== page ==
[A version of this review can also be found in the Portland Observer: http://portlandobserver.com/news/2013/oct/22/inspired-determination/.]
I imagine that American audiences watching "WADJDA" (8) -- the first feature film shot entirely in Saudi Arabia and the first directed by a Saudi woman -- will be doing a lot of clucking over how restrictive life is for Saudi women and girls. Yet when I scanned for reviews after seeing the film, nearly all of them were written by men. Film criticism, like most other spheres of influence in American culture, is dominated by male voices. I'm guessing that most of us would not even notice that fact.
A film like this offers Americans some opportunities that we rarely get. Most obviously, it gives us a rare window into everyday life for Saudi women and girls. Director Haifaa al-Mansour gives us a fairly simple story of a middle-school-aged girl, Wadjda -- whose small rebellions evidence simply a desire to be herself -- and fills that story with particular details. Wadjda's determined self-expression is evident, for example, in the hangers she has attached to the radio on which she listens to forbidden American pop music; in the black Converse high-tops she wears under the long, shapeless gray dress that serves as her school uniform; and in her little schemes for earning the money she would need to buy a bicycle so that she can race (and beat) the boy with whom she shouldn't even be associating.
But the film also offers us an opportunity which I wonder if we are really up for -- the opportunity for self-examination. It is easy for Americans to judge a culture like this because its flaws are readily apparent to us. How strange to imagine living in a society where a girl riding a bike is unheard of because of concerns that it will damage her fertility, or where a woman is not allowed to drive a car! Yet part of where the film succeeds is in demonstrating how inevitable such limitations seem to be for many members of that society, and how its norms are enforced, even by those who are oppressed by them. A film like this, which deftly deconstructs a culture that seems alien, has the potential to awaken our sensitivity to manifestations of oppression in our own culture.
The film is perceptive about the strictures of the girl's life, and that of her mother, classmates, and teachers. Wadjda's father mostly works and lives apart from her and her mother, a real beauty who works as a teacher but isn't allowed to manage her own money or drive herself to work. Instead she must pay a driver who addresses her with the disdainful tone one might use for an errant child. The mother clearly surpasses her driver in education and class, yet her position in the societal hierarchy accords him license to treat her with disdain. Her life is plagued with other senseless but immovable complications, including the worry that her husband will give in to pressure to take on another wife because she cannot produce a male heir.
Her situation does not, however, motivate her to push for more for Wadjda; rather, she is quick to reinforce such limits with her headstrong daughter, passing on gossip about a scandal involving one of the girl's older classmates and dismissing the girl's desire for a bicycle as unthinkable.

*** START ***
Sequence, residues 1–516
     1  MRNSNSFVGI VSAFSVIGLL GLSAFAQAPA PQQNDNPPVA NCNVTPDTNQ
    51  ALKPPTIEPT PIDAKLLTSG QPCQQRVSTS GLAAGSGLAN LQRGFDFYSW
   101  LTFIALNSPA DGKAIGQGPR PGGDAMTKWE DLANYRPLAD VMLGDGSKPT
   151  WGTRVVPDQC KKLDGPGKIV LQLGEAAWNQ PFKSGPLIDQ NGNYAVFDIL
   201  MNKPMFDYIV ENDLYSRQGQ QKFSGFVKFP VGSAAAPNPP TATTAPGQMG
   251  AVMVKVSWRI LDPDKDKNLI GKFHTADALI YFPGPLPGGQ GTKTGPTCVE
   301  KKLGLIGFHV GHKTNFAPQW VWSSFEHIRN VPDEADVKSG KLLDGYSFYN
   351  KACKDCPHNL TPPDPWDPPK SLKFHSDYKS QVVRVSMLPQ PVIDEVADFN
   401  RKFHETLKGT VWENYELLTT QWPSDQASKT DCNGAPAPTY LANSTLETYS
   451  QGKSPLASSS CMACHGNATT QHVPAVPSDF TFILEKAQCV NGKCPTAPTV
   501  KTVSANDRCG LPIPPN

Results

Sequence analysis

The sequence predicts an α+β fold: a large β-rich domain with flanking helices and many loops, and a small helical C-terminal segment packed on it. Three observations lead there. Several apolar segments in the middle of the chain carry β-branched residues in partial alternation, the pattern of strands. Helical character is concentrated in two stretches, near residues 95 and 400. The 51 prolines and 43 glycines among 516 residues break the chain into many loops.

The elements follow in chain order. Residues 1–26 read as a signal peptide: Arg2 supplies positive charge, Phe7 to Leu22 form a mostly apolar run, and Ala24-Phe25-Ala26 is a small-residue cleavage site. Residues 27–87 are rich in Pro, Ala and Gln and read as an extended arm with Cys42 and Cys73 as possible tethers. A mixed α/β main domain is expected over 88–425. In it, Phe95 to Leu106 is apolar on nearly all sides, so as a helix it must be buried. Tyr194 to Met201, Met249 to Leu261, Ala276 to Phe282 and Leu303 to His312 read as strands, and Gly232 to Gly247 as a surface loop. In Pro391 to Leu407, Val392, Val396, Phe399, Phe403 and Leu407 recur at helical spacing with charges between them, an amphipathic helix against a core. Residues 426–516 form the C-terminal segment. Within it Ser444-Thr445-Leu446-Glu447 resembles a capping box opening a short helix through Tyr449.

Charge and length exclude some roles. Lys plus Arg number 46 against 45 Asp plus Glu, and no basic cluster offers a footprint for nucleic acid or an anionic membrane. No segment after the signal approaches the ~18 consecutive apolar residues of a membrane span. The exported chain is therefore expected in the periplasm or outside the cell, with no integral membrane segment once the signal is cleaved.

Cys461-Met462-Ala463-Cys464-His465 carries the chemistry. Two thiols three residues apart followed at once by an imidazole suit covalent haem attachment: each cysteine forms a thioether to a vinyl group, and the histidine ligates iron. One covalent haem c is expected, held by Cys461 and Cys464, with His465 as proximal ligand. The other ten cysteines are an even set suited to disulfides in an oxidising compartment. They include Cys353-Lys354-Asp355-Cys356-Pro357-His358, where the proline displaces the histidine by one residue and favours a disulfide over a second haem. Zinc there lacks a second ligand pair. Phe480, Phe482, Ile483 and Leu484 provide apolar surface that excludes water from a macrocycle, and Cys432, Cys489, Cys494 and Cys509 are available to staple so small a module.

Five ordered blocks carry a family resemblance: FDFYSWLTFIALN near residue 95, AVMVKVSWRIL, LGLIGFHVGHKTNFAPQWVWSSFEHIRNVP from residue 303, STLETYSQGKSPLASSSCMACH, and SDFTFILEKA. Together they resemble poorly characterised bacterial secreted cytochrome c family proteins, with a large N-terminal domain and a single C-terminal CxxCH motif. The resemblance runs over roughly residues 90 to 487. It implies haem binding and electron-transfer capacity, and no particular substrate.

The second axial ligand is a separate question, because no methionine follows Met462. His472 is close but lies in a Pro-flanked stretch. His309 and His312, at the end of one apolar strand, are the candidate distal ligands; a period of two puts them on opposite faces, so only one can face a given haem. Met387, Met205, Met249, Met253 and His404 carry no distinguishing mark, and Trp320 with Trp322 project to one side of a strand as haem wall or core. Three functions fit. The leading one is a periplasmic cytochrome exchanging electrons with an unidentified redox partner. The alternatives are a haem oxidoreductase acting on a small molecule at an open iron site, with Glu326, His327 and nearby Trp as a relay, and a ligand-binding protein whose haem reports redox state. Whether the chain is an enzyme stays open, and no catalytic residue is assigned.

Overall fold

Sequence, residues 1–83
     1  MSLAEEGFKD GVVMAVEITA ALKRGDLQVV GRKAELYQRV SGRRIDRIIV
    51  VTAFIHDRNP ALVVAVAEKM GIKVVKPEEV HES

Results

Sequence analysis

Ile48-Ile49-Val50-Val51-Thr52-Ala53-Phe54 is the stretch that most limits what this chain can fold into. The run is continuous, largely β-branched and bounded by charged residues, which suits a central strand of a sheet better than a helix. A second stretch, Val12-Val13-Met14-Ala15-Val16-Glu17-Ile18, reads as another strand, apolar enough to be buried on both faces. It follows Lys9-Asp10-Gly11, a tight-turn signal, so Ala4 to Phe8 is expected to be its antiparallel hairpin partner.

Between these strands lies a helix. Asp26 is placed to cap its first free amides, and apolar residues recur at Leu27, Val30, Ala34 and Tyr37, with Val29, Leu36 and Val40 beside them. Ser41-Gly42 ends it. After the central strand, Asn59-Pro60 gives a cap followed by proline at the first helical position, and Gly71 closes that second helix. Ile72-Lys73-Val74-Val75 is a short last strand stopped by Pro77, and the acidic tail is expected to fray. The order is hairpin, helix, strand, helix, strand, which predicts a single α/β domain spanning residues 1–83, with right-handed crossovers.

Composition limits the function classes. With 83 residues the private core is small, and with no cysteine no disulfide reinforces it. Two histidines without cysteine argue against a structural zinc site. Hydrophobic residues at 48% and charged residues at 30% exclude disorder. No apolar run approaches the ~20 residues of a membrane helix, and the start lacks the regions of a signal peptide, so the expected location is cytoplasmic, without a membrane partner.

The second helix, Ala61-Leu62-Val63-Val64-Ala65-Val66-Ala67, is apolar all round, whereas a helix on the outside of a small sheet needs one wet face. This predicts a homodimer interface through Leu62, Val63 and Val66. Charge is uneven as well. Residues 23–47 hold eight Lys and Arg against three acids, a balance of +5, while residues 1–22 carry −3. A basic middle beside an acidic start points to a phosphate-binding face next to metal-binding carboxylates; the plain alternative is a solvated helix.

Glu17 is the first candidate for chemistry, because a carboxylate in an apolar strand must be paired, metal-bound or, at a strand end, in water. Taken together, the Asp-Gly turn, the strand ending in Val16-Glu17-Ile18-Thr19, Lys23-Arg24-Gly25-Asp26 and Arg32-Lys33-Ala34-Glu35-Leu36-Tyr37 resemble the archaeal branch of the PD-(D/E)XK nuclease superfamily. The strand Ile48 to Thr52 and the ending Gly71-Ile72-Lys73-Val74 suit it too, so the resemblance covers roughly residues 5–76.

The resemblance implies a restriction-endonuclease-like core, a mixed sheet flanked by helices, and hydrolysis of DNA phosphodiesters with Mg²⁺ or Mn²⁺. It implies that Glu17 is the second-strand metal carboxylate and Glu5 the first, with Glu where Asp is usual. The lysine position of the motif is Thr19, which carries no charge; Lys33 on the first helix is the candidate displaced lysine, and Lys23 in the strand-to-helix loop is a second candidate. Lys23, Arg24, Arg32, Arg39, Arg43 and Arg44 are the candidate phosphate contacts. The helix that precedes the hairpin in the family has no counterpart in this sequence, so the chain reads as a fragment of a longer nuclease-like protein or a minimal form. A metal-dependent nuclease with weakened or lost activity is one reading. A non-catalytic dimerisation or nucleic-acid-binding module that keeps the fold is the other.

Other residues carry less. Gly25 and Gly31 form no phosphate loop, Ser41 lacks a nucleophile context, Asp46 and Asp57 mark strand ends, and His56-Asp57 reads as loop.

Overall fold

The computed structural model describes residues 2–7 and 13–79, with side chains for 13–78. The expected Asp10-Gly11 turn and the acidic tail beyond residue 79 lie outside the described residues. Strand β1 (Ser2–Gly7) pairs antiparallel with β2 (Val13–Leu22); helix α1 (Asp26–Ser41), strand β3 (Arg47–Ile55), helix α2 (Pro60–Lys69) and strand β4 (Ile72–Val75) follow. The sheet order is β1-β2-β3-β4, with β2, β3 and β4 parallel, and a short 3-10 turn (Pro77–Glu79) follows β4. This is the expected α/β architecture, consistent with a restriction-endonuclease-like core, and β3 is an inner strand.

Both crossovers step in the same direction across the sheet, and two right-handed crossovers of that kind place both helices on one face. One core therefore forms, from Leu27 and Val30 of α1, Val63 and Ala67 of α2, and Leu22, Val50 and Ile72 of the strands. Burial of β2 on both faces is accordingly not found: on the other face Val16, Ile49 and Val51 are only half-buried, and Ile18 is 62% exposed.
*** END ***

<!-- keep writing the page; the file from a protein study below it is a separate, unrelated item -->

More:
Wadjda views the many restrictions that characterize her life with disdain typical of many adolescents. When her mother lectures her, she turns up her American music; and when instructed by her principal to replace her high-top Converse with the more feminine all-black shoes worn by her classmates, she responds by coloring the white portions of her shoes with a black marker.
The willfulness evident in Wadjda’s determination to be herself, makes her stand-out among her classmates, whose rebellions are more contained. In such a restrictive system, only such outliers have any real shot at achieving anything beyond the limits of what society expects from them. Though perhaps not as apparent to us, the same is true in our culture too -- that is, only the most determined outlier thinkers are likely to achieve anything very different from our expectations of them.
In Saudi culture, the image of a girl on a bicycle is unthinkable, the achievement of that aspiration heroic. But listening to all of the ways that Wadjda's parents and teachers communicate to her what she cannot do brought to mind how a similar thing happens here to girls and women, or to other groups underrepresented in positions of influence.
Similarly, I found it instructive to reflect on the ways in which Wadjda's world communicates her value relative to men. In Saudi Arabia, the women are draped in so much black as to shield them almost entirely from view, while men wear white.
The enforcers in Wadjda's world are nearly all women, who constantly remind her of and model for her the responsibility to shield men from seeing her ("if you can see them, they can see you") or hearing her talk ("your voice is your nakedness.") Perhaps our ways of communicating our values and expectations to women and girls are more subtle, or perhaps we are less attuned to them.
Director Mansour has found a way to tell this story with lightness and subtlety, helped by the feisty spirit of a child. But don't let that lightness fool you (as it seems to have fooled at least one male critic) into thinking of this story as slight. Her heroine's relentlessness, though naive, is also canny.
Wadjda tumbles to a strategy for achieving that coveted bicycle (a Koran-reciting contest with a cash prize) that reflects her underestimation of the fervor behind the rules that confine her but also embodies just the sort of conviction that is necessary to surpass such boundaries. If you're open to it -- and if, like me, you sometimes feel a bit confined yourself -- you just might be inspired.